We sat down with the Productivity Commission. We looked at the Indigenous space. $30 billion is spent in this space annually. $30 billion on 500,000 people and you still see the problems you get to see. What that tells me straightaway as a businessman, because I run my own business, is there’s a lot of fun and games going in there and we need to sort that out and we need to find out where the wastage of our funding is.

Seven years ago, $30 billion PER ANNUM was being spent on a host of Indigenous programs and agencies.

What’s that figure today?

From what we know of ‘thin edges of the wedge’, we can be sure the number will not be less.

THIRTY BILLION DOLLARS ANNUALLY for SEVEN YEARS…that’s $210 billion, and we still have an indigenous problem?

How is that possible?

Why hasn’t PM Albanese addressed this ‘rather large elephant in the room’ before embarking on his grandstanding crusade for Constitutional change?

Was the wastage Warren Mundine mentioned, ever identified?

I know…that’s a rhetorical question.

Here’s a suggestion for our PM.

Before proceeding with the referendum to establish another Indigenous agency — and you can bet ‘London to a Brick’ a whole bureaucracy will spring up behind the proposed Voice — why not do a root and branch audit on why $210 billion has not been enough to fix the Indigenous problems? Is there a duplication of services? How many hangers-on are there?

How much of the $30 billion per annum actually makes it to where it is meant to go?

What Australians — those of all race, colour, and creed — should be concerned about is the Voice becoming another ‘thin edge of the wedge’.

Taxpayers are already contributing at least $30 billion per annum to Indigenous affairs. How about we sort out why this hasn’t delivered value for money before embarking on a process of throwing more money at the problem?

We have enough ‘thin edge of the wedges’ already to fund.

What the government doesn’t have enough of are the tax revenues needed to meet the already increasing costs of existing programs.

Inflationary pressures are building

Interest payments on our national debt are going…UP.

Funding the war on climates is going…UP…which in turn, pushes UP energy costs.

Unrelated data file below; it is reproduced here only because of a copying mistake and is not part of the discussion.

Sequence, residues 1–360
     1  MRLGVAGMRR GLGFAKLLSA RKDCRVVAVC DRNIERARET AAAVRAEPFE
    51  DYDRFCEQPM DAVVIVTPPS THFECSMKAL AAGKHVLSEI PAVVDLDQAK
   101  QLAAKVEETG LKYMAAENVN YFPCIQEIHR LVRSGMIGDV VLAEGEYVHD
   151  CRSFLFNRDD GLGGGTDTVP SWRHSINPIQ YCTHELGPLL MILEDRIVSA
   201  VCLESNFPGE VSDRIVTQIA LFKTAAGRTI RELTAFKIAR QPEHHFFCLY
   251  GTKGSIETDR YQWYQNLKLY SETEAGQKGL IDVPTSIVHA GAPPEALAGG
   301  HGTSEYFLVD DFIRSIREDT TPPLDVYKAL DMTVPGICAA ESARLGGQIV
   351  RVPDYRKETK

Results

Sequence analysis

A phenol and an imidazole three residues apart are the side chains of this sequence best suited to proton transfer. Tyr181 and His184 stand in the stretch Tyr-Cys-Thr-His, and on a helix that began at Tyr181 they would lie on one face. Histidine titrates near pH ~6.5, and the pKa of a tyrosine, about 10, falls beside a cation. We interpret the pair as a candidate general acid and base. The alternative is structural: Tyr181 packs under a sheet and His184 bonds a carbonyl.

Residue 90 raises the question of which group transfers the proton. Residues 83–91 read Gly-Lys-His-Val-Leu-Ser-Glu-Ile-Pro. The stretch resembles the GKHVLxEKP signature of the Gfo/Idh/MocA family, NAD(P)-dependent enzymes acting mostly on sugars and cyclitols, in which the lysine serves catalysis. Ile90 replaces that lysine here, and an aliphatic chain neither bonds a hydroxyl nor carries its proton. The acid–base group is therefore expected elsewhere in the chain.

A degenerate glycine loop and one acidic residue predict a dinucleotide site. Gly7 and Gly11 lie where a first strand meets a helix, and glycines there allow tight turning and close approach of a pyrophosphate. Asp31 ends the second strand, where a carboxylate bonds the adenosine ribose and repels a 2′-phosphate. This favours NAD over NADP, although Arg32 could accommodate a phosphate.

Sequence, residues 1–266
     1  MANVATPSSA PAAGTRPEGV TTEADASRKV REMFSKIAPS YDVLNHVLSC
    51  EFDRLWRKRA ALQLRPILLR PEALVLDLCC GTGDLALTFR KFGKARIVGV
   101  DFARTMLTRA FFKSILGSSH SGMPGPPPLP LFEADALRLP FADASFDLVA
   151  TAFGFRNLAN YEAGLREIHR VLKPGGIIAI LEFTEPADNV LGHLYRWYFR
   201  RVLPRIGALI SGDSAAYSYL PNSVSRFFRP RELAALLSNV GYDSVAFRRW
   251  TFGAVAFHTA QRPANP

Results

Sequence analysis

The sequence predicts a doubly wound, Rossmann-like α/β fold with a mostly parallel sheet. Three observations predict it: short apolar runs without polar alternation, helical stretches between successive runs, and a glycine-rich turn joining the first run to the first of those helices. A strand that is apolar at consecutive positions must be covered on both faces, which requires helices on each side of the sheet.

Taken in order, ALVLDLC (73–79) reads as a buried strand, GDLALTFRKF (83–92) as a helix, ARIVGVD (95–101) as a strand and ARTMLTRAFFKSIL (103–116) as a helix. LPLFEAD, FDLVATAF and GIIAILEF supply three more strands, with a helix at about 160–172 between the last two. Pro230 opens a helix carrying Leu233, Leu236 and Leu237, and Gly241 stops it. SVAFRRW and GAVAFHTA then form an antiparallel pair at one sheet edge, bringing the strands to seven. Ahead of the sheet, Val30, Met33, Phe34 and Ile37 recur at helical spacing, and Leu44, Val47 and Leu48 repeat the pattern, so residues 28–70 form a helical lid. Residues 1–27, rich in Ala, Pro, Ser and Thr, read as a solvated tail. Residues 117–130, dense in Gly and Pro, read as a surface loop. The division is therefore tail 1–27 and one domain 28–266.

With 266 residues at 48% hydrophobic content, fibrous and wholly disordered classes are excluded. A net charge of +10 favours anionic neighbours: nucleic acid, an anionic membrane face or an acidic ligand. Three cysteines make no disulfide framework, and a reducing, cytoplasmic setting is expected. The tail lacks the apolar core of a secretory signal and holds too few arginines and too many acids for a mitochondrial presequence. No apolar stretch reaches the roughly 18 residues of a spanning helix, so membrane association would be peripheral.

NDIS cost is going…UP.

Defence spending is going…UP.

Healthcare and Aged care spending is going…UP.

Budgets, forever and a day, are going to be dripping in red ink.

Globally, we have an inflation problem caused by excessive government handouts during the pandemic. Governments spending serious amounts of money they don’t have is only going to stoke the inflationary embers. Who is going to buy all the government bonds? Central banks printing more money? Are the political class that stupid they cannot learn from our most recent history? It appears to be so.

Costs need to be reined in…the last thing we and future generations can afford is another open-ended ‘edge to wedge’ program that sees a massive blowout in the already $30 billion per annum taxpayers are funding. And, in 10 years’ time, will the problem be fixed, or will the call go up for even greater funding?

If government’s woeful track record on delivery of stated outcomes is anything to go by, my (and my children’s and grandchildren’s) taxpayer money is on the latter.

Two more wedges

You don’t need to be Einstein to figure out why Treasurer Chalmers is looking for a bigger slice of your retirement capital. He needs money to finance the exponential cost wedges.

In typical style, they pick a big number to target…those with more than $3 million in super.

The crowd loves it. Screw the rich guy and gal.

Be careful what you wish for…these ‘reforms’ are all thin edge of the wedge.

Eventually, the majority get caught in the tax trap they once thought would not apply to them.

The other, even more potentially damaging wedge from the Voice is the racial divide it might create within society.

As vocal critic of the Voice, Senator Jacinta Nampijinpa Price, said:

This government has yet to demonstrate how this proposed Voice will deliver practical outcomes and unite rather than drive a wedge further between Indigenous and non-Indigenous Australia.

For the sake of our nation’s long-term well-being — financially, economically, and culturally — I will be voting NO to the Voice.

The last thing Australia needs is another wedge.

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Inflationary pressures within the global economy might abate, but if the 1970s is any guide, falls in CPI readings tend to be more temporary than permanent.

In every corner of the developed and developing world, there are a multitude of ‘wedges’ with insatiable appetites for taxpayer money.

War machines. Climate change. Health care. Welfare.

Funding these open-ended commitments with greater and greater deficits is going to keep the CPI needle well above the targeted range.

How do you protect the buying power of your capital in inflationary periods?

Hard assets.

Precious metals and commodities.

Here, at Fat Tail Investment Research, we’re fortunate to have James Cooper, an experienced field geologist, on the editorial team.

James is launching a new service to identify outstanding prospects (no pun intended) in the junior resource sector.

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Vern Gowdie Signature

Vern Gowdie,
Editor, The Daily Reckoning Australia

The post The Voice — Another Thin Edge to Say No to appeared first on Daily Reckoning Australia.